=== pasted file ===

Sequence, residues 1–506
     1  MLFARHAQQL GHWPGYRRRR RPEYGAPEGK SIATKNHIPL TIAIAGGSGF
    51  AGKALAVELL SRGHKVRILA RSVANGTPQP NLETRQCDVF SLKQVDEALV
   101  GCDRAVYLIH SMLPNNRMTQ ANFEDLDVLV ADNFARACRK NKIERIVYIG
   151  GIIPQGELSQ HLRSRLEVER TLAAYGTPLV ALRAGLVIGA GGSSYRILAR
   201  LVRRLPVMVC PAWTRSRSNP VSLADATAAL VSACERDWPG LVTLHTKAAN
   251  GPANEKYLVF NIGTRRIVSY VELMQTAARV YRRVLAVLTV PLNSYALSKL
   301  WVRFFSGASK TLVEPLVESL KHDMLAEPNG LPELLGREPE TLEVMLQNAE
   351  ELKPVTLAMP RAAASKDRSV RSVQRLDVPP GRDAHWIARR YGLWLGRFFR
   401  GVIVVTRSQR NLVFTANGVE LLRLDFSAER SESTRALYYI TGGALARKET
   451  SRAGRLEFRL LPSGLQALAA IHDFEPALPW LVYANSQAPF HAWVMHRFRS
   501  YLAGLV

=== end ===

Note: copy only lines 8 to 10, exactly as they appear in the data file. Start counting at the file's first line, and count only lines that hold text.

   301  WVRFFSGASK TLVEPLVESL KHDMLAEPNG LPELLGREPE TLEVMLQNAE
   351  ELKPVTLAMP RAAASKDRSV RSVQRLDVPP GRDAHWIARR YGLWLGRFFR
   401  GVIVVTRSQR NLVFTANGVE LLRLDFSAER SESTRALYYI TGGALARKET